Al-Qaeda calls for ‘lone wolf’ attacks on UK airlines

Al-Qaeda is ramping up the stakes in the race to be the premier Islamic terror organisation.

ISIS has seriously dented their mosque cred but they are now suggesting to lone wolf terrorists to go and attack prominent British targets like British Airways, EasyJet and praising recent terror attacks.

Police and security services are investigating an Al-Qaeda magazine which calls for ‘lone wolf’ terrorists to blow up easyJet and British Airways planes using bombs made in their kitchens.

The chilling and widely-reported call to arms says high-profile airlines should be targeted in a bid to gain headlines and ‘crush the enemy’s economy’.

Released on Christmas Eve, the disturbing publication names British Airways because it is the ‘flag carrier airline of the United Kingdom’ and the largest airline by number of planes.

Budget carrier easyJet is equally targeted because it ‘is a low cost carrier, hence has a large number of passengers.’

A Home Office spokesman said: ‘We are aware of this publication and the police and security agencies are taking appropriate action. National security and protecting the public is our priority.

‘Our comprehensive counter-terrorism strategy includes measures to remove terrorist material hosted online, prevent radicalisation and protect the UK from acts of terrorism.’

Also targeted in the publication, which is called Inspire and has been widely reported by news outlets around the world, are Air France and U.S. carriers American Airlines, United and Delta alongside high-profile U.S. figures Bill Gates and Federal Reserve chairman Ben Bernanke.

Continental Airlines is also singled out despite the fact that it stopped flying planes under its name two years ago after merging with United to form United Continental Holdings.   

The English language magazine praises Umar Farouk Abdulmutallab, the so-called ‘underpants bomber’ who was jailed for life in 2012 after he tried to bomb a flight from Amsterdam to Detroit.

The 300 people on board were saved partly because the bomb sewn into his underwear failed to detonate fully, prosecutors said at the time.

The latest edition has been published four years after the first issue of Inspire contained a notorious explosives guide called Make a Bomb in the Kitchen of Your Mom.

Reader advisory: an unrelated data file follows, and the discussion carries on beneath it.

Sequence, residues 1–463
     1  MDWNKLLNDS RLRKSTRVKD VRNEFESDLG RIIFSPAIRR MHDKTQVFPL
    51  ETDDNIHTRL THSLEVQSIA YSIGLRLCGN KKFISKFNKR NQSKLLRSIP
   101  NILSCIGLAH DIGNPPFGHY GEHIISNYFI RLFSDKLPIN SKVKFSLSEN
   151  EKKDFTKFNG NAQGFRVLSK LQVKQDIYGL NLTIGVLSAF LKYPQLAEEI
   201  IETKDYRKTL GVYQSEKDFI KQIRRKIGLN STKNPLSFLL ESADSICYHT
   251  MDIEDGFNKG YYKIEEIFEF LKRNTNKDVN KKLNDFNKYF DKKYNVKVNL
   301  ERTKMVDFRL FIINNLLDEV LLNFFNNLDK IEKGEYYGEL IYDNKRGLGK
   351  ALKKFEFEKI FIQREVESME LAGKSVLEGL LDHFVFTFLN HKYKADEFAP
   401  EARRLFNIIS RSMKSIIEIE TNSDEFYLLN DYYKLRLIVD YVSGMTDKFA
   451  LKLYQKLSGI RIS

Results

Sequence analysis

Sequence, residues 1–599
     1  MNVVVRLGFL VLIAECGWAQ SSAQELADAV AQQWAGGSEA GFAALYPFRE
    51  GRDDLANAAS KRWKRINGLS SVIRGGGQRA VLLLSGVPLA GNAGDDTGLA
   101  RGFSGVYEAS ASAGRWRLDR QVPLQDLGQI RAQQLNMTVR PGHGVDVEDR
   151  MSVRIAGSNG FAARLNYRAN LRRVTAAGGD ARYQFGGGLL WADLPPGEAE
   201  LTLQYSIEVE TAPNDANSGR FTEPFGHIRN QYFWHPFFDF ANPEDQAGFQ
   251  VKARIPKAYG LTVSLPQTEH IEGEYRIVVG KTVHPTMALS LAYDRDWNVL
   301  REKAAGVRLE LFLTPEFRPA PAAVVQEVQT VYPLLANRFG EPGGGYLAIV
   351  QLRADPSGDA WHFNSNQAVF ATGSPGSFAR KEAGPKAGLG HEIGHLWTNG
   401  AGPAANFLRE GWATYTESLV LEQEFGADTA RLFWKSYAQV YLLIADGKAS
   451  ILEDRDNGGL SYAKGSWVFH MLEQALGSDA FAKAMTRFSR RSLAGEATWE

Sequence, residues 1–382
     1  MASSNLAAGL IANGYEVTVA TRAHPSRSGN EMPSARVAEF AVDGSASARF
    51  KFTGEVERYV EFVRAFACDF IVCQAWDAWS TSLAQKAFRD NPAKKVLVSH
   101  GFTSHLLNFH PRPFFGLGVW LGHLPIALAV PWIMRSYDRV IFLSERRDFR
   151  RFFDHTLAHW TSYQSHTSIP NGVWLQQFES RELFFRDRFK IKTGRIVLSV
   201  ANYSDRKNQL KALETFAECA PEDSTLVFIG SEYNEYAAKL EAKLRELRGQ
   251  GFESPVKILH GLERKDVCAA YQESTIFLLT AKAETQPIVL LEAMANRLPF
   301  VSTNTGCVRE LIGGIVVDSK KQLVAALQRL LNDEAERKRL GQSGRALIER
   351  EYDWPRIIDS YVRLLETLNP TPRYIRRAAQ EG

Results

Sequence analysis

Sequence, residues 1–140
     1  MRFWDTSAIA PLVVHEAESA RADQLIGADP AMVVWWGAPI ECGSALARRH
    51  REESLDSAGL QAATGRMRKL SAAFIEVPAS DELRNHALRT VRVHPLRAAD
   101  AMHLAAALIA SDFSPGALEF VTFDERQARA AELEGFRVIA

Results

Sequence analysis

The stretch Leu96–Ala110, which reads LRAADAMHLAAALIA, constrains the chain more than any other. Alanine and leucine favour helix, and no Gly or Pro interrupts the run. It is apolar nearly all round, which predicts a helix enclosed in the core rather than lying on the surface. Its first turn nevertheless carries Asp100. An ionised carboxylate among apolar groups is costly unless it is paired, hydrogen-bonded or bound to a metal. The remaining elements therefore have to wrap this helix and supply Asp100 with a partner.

The guide was suspected to have been the template for explosives which killed three and injured more than 250 in last year’s Boston Marathon bombings.

Its author was dubbed the ‘Al-Qaeda chef’, and an extremist assuming the same name was interviewed in the new edition as it claimed the Boston attacks were a ‘natural reaction’ to the ‘arrogance’ of the U.S.

He said the ‘first priority’ for any of his terrorists would be the U.S., ‘then the United Kingdom, then France and so on.’

And he called for the rise of the ‘lone wolf’ jidahist, saying: ‘It is hard to uncover, because none knows him but Allah. He has no relationship with any group or any individuals.’

The magazine also praised a violent axe attack on a group of New York city policemen in October as a ‘splendid’ example of a ‘lone wolf’.

U.S. Navy veteran Zale Thompson was shot dead in the street after the brutal hatchet attack, which the FBI confirmed last month it was considering as an act of terror.

FBI director James Comey said Thompson had been watching Islamic State beheading videos and other radical jihadist material online, adding there is ‘no doubt that played a role’ in the attack.

‘There is no doubt it was terrorism,’ he added.

Is anyone in any doubt that Islamic terror organisation are actually serious and in need of eradication not hugs and cuddles?

– Daily Mail

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As much at home writing editorials as being the subject of them, Cam has won awards, including the Canon Media Award for his work on the Len Brown/Bevan Chuang story. When he’s not creating the news, he tends to be in it, with protagonists using the courts, media and social media to deliver financial as well as death threats.

They say that news is something that someone, somewhere, wants kept quiet. Cam Slater doesn’t do quiet and, as a result, he is a polarising, controversial but highly effective journalist who takes no prisoners.

He is fearless in his pursuit of a story.

Love him or loathe him, you can’t ignore him.

To read Cam’s previous articles click on his name in blue.